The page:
The Kitava Study

No signs of cardiovascular disease in a non-western population. Excellent risk factor levels. >>read more>>

Paleolithic diet in humans

Improved glucose tolerance after 3 months in the first controlled human trial. >>read more>>

Paleolithic diet in pigs

Improved insulin sensitivity, CRP and blood pressure in the first animal experiment. >>read more>>

Literature surveys

Accumulated evidence favors an evolutionary perspective. >>read more>>

Our main objective is to study nutrition in the prevention and treatment of cardiovascular disease and related metabolic disorders. The working hypothesis is that a Paleolithic diet (the Paleolithic is the time period 2,000,000-10,000 years BP), basically meat, fish, vegetables, fruit and nuts, has benefits even compared with prudent diets based on whole-grain cereals and low-fat milk.

The basic notions are that

1) foods are appropriate for any given species if they were regularly consumed during most of its prior evolution;

2) plants protect themselves with bioactive substances directly aimed at animals, substances which may have untoward effects on long-term human health.

Selected articles

1. Lindeberg, S, Jönsson, T, Granfeldt, Y, Borgstrand, E, Soffman, J, Sjöström, K, and Ahrén, B. A Palaeolithic diet improves glucose tolerance more than a Mediterranean-like diet in individuals with ischaemic heart disease. Diabetologia, 2007; In press:

2. Lindeberg, S. Modern human phsyiology with respect to evolutionary adaptations that relate to diet in the past, in The Evolution of Hominid Diets: integrating approaches to the study of Palaeolithic subsistence, M.P. Richards and J.J. Hublin, Editors. in press, Elsevier.

3. Frostegard, J, Tao, W, Georgiades, A, Rastam, L, Lindblad, U, and Lindeberg, S. Atheroprotective natural anti-phosphorylcholine antibodies of IgM subclass are decreased in Swedish controls as compared to non-westernized individuals from New Guinea. Nutr Metab (Lond), 2007; 4: 7 >>Free full text>>

4. Jönsson, T, Ahren, B, Pacini, G, Sundler, F, Wierup, N, Steen, S, Sjoberg, T, Ugander, M, Frostegard, J, Goransson, L, and Lindeberg, S. A Paleolithic diet confers higher insulin sensitivity, lower C-reactive protein and lower blood pressure than a cereal-based diet in domestic pigs. Nutr Metab (Lond), 2006; 3: 39 >>Free full text>>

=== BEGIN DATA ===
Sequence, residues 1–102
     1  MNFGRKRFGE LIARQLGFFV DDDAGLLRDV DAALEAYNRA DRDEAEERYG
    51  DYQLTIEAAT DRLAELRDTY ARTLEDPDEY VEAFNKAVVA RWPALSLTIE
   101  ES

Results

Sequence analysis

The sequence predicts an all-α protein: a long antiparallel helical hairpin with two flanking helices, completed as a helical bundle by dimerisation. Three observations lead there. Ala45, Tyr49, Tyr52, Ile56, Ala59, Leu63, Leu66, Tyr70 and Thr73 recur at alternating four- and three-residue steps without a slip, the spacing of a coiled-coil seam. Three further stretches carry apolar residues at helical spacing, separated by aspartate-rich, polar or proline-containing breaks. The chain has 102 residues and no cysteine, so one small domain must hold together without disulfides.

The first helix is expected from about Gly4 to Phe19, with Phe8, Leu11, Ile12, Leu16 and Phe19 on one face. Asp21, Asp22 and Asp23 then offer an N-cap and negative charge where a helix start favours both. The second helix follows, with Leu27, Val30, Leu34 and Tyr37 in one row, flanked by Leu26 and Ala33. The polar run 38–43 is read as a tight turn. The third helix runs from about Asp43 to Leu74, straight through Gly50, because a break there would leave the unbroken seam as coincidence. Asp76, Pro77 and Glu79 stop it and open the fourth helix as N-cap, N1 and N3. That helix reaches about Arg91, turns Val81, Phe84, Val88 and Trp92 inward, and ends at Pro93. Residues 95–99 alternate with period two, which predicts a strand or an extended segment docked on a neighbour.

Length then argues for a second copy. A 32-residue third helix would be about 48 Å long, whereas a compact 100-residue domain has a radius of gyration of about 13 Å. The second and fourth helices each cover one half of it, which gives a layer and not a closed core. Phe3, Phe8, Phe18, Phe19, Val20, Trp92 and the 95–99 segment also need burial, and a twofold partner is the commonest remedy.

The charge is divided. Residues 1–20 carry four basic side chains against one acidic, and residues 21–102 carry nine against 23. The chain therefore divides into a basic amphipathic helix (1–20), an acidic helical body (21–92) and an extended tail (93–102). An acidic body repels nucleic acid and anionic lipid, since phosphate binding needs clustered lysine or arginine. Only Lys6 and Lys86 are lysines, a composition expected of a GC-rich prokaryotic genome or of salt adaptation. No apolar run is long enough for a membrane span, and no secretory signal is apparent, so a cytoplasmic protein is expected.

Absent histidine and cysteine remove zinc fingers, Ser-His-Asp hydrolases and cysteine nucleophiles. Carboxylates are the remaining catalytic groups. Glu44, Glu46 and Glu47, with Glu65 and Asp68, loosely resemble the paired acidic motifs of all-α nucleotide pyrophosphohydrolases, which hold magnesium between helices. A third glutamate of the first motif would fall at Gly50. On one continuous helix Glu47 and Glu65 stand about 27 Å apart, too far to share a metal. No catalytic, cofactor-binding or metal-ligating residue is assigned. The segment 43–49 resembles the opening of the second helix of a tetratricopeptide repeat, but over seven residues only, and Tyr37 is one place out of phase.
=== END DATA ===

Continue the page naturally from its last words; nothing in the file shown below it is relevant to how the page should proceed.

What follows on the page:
5. Lindeberg, S. Who wants to be normal? Eur Heart J, 2005; 26: 2605-6 >>Free full text>>

6. Jönsson, T, Olsson, S, Ahrén, B, Bøg-Hansen, TC, Dole, A, and Lindeberg, S. Agrarian diet and dieases of affluence – Do evolutionary novel dietary lectins cause leptin resistance? BMC Endocrine Dis, 2005; 5: doi:10.1186/1472-6823-5-10 >>Free full text>>

7. Cordain, L, Eaton, SB, Sebastian, A, Mann, N, Lindeberg, S, Watkins, BA, O’Keefe, JH, and Brand-Miller, J. Origins and evolution of the Western diet: health implications for the 21st century. Am J Clin Nutr, 2005; 81: 341-54 >>Free full text>>

8. Lindeberg, S, Cordain, L, and Eaton, SB. Biological and clinical potential of a palaeolithic diet. J Nutr Environ Med, 2003; 13: 1-12

9. Lindeberg, S. Stroke in Papua New Guinea. Lancet Neurol, 2003; 2: 273

10. Cordain, L, Eaton, SB, Brand Miller, J, Lindeberg, S, and Jensen, C. An evolutionary analysis of the aetiology and pathogenesis of juvenile-onset myopia. Acta Ophthalmol Scand, 2002; 80: 125-35 >>Free full text>>

11. Eaton, SB, Cordain, L, and Lindeberg, S. Evolutionary health promotion: a consideration of common counterarguments. Prev Med, 2002; 34: 119-123

12. Eaton, SB, Strassman, BI, Nesse, RM, Neel, JV, Ewald, PW, Williams, GC, Weder, AB, Eaton, SB, 3rd, Lindeberg, S, Konner, MJ, Mysterud, I, and Cordain, L. Evolutionary health promotion. Prev Med, 2002; 34: 109-118

13. Cordain, L, Lindeberg, S, Hurtado, M, Hill, K, Eaton, SB, and Brand Miller, J. Acne vulgaris: a disease of civilization. Arch Dermatol, 2002; 138: 1584-90. >>Free full text>>

14. Lindeberg, S, Soderberg, S, Ahren, B, and Olsson, T. Large differences in serum leptin levels between nonwesternized and westernized populations: the Kitava study. J Intern Med, 2001; 249: 553-8. >>Free full text>>

15. Lindeberg, S, Eliasson, M, Lindahl, B, and Ahrén, B. Low serum insulin in traditional Pacific Islanders–the Kitava Study. Metabolism, 1999; 48: 1216-1219

16. Lindeberg, S, Berntorp, E, Nilsson-Ehle, P, Terent, A, and Vessby, B. Age relations of cardiovascular risk factors in a traditional Melanesian society: the Kitava Study. Am J Clin Nutr, 1997; 66: 845-52 >>Free full text>>

17. Lindeberg, S, Berntorp, E, Carlsson, R, Eliasson, M, and Marckmann, P. Haemostatic variables in Pacific Islanders apparently free from stroke and ischaemic heart disease. Thromb Haemost, 1997; 77: 94-8

18. Lindeberg, S. Apparent absence of cerebrocardiovascular disease in Melanesians. Risk factors and nutritional considerations – the Kitava Study. 1994, University of Lund.

19. Lindeberg, S, Nilsson-Ehle, P, Terént, A, Vessby, B, and Scherstén, B. Cardiovascular risk factors in a Melanesian population apparently free from stroke and ischaemic heart disease — the Kitava study. J Intern Med, 1994; 236: 331-340

20. Lindeberg, S and Lundh, B. Apparent absence of stroke and ischaemic heart disease in a traditional Melanesian island: a clinical study in Kitava. J Intern Med, 1993; 233: 269-275

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